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General systems theory - the skeleton of science

E:CO Special Double Issue Vol. 6 Nos. 1-2 Fall 2004 pp.127-139 Classical

General systems theory:


The skeleton of science
Kenneth E. Boulding

Reprinted by permission. Copyright 2004 INFORMS. Boulding, K. E. (1956). General systems theory - the skel-
eton of science. Management Science, 2: 197-208. The Institute of Management Sciences, now the Institute for
Operations Research and the Management Sciences, 901 Elkridge Landing Road, Suite 400, Linthicum, Maryland
21090 USA.

T
he second of this issue’s two classical papers Boulding’s General systems theory is a sort of
was written by Kenneth E. Boulding back in manifesto for the systems movement, much of which
1956 and published in one of the earliest issues can be seen to be valid for complex systems theory
of Management Science which is currently celebrating today. A major role for any GST was to facilitate com-
it’s fiftieth anniversary (Hopp, 2004). Congratulations munication between disparate fields of interest, i.e.
to the team at Management Science. to provide a common language with which to discuss
systemic problems. A lexicon of complexity science is
Boulding is a peer of a number of great systems also emerging, containing concepts such as emergence,
thinkers that introduced and developed the general self-organization, chaos, bifurcation, exaptation, etc.
systems movement in the early fifties. Such thinkers (some of which were also contained in the GST lexi-
include Ludwig von Bertalanffy, Talcott Parsons, C. con), which also aims to facilitate cross-disciplinary
West Churchman, Alfred Emerson, Anatol Rapoport, dialogue (though I personally doubt whether such an
and many more - it is likely that selected writings from all-embracing way to express complexity is possible
these thinkers will appear in future issues of E:CO. - there are an infinity of ways to talk about complexity
and all of them should be allowed, initially at least).
For those readers not familiar with the general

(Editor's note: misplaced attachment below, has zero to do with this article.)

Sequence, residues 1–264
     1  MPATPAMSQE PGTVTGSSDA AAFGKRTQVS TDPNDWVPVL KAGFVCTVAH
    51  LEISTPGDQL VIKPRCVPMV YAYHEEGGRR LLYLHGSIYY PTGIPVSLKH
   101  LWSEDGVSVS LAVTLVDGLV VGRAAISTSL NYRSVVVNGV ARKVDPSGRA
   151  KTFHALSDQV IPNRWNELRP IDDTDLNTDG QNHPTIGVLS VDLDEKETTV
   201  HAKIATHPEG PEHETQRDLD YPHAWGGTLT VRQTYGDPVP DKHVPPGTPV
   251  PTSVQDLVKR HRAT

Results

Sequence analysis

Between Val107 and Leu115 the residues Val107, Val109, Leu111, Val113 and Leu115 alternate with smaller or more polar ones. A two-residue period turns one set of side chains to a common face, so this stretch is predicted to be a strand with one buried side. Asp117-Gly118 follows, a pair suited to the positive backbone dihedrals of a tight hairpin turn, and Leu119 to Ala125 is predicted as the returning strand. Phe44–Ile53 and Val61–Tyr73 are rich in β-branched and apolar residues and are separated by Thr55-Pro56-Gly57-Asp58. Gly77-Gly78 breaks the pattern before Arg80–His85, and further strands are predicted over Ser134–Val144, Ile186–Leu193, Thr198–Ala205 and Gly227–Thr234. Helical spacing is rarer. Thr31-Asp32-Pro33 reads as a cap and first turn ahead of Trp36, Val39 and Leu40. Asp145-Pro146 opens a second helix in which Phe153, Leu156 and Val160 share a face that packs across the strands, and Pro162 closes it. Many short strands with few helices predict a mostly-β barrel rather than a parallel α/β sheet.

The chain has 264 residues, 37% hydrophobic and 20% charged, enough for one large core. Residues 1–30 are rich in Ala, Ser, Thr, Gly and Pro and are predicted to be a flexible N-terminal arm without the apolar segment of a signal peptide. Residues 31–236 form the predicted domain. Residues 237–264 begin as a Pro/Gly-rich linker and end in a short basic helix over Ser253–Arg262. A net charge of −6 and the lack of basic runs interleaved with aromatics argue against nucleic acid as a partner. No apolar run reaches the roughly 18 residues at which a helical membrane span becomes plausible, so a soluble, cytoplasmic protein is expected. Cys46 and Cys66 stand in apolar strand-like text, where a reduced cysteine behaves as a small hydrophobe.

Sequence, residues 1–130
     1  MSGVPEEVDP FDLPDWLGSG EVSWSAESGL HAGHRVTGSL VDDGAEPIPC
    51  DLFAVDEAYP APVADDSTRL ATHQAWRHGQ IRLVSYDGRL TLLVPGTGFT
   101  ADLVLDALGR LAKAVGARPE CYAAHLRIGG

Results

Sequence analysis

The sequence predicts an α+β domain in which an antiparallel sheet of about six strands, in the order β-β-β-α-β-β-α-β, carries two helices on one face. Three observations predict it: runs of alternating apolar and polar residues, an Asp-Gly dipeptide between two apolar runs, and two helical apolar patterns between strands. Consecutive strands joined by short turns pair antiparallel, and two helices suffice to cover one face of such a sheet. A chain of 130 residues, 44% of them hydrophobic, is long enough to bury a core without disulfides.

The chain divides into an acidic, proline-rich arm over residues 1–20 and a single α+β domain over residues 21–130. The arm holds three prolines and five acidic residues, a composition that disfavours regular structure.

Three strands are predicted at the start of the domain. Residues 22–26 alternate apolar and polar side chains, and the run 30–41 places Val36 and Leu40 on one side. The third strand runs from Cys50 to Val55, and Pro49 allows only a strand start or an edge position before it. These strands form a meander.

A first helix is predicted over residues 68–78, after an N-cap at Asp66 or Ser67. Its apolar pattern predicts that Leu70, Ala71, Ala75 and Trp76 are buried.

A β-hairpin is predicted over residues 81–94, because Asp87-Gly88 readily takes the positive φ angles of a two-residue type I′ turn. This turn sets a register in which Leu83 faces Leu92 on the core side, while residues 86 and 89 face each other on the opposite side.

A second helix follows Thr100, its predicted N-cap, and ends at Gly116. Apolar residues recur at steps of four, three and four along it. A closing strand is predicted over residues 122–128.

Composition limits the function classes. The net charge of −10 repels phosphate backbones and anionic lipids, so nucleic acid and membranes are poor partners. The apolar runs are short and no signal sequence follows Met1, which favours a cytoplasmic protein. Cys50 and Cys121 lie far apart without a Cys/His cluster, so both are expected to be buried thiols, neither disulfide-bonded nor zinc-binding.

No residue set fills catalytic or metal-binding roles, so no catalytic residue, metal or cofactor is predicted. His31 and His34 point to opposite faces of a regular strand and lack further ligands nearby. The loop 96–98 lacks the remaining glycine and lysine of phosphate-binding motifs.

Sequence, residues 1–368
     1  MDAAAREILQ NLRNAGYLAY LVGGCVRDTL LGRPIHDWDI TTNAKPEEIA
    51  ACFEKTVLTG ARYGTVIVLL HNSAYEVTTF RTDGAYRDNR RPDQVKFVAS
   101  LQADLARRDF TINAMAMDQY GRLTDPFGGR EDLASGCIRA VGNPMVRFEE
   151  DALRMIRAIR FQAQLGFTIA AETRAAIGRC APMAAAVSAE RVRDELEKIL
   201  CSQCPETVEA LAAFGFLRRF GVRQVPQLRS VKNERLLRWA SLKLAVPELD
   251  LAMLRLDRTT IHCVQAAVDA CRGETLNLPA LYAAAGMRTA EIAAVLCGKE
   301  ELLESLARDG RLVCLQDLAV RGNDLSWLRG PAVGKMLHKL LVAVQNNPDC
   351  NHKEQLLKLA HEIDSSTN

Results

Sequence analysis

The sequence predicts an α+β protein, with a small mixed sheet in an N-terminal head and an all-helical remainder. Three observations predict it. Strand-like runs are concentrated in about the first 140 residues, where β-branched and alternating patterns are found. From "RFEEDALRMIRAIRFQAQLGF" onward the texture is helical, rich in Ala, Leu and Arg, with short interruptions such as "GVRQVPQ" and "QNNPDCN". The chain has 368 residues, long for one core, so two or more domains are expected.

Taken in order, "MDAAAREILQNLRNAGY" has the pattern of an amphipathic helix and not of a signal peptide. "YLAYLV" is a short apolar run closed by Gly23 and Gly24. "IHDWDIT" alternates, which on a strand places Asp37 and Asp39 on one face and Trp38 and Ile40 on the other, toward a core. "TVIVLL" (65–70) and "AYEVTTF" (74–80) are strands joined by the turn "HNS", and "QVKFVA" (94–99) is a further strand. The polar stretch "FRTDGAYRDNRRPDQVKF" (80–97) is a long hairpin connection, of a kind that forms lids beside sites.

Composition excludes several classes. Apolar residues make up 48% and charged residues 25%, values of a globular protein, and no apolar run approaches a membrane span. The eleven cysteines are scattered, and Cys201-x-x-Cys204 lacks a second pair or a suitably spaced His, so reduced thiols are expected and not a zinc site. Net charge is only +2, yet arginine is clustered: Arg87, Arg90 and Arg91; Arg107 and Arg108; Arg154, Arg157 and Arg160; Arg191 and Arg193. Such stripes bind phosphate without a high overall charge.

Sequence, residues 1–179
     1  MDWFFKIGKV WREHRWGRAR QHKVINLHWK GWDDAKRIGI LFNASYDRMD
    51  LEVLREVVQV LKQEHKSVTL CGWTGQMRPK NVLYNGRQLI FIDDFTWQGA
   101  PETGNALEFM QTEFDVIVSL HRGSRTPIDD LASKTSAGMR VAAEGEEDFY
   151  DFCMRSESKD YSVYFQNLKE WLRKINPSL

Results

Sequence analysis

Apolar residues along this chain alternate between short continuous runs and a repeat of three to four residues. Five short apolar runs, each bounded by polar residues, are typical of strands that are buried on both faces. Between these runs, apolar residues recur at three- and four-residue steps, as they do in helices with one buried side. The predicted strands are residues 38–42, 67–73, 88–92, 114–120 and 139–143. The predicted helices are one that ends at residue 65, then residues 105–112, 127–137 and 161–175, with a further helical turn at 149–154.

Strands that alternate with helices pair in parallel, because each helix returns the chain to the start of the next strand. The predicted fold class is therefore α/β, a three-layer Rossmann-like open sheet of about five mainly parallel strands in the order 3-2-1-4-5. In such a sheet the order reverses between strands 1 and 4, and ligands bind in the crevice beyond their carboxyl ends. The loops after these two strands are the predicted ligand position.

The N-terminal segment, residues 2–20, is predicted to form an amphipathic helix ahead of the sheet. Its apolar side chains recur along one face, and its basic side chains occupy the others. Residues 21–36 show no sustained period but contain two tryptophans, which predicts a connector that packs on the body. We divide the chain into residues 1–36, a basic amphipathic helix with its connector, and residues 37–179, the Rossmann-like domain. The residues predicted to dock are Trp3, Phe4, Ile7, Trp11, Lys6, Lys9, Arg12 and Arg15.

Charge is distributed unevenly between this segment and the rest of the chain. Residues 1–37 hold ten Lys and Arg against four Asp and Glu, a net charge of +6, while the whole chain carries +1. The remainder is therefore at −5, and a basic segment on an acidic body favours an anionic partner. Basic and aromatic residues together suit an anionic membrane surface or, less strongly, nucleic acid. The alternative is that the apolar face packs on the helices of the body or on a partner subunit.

systems movement (from which complexity thinking The modern complexity movement is in some
arguably emerged) Boulding starts his paper with a ways quite different from the general systems move-
brief description: ment (although to many writers the two seem almost
synonymous), but there is a lot to be learnt from the
“General Systems Theory is a name which has come journey general systems theory has taken. Complex
into use to describe a level of theoretical model-building systems thinkers share a lot of the aims and ambitions
which lies somewhere between the highly generalized of the original general systems movement, such as the
constructions of pure mathematics and the specific need for cross-disciplinary communication and the de-
theories of the specialized disciplines.” velopment of analytical tools and processes to interact
with, and intervene in, a modern complex (systemic)
This description of GST is very important as many world. In this paper Boulding not only describes the
complexity theorists still talk of a theory of complexity, need and role of a general systems framework but also
or of a theory of management as if all the complexities offers a skeleton of what that framework might look
and ambiguities of our perceived realities could some- like. Some readers may be surprised as to how fresh
how be reduced to a neat little theoretical package much this paper still is.
akin to the physicists’ quest for a theory of everything,
or as Boulding puts it a “general theory of practically Kurt Richardson
everything”. In Boulding’s mind GST was to be a tool
that would enable mankind to effectively move back Hopp, W. J. (2004). “Fifty Years of Management Sci-
and forth between the perfectly describable Platonic ence,” Management Science, 50(1): 1-7.
world of theory and the fuzzy world of practice. Bould-
ing rightly points out that any claims to any sort of
theory of everything are misguided as “[s]uch a theory
would be almost without content, for we always pay
for generality by sacrificing content, and all we can say
about practically everything is almost nothing.”

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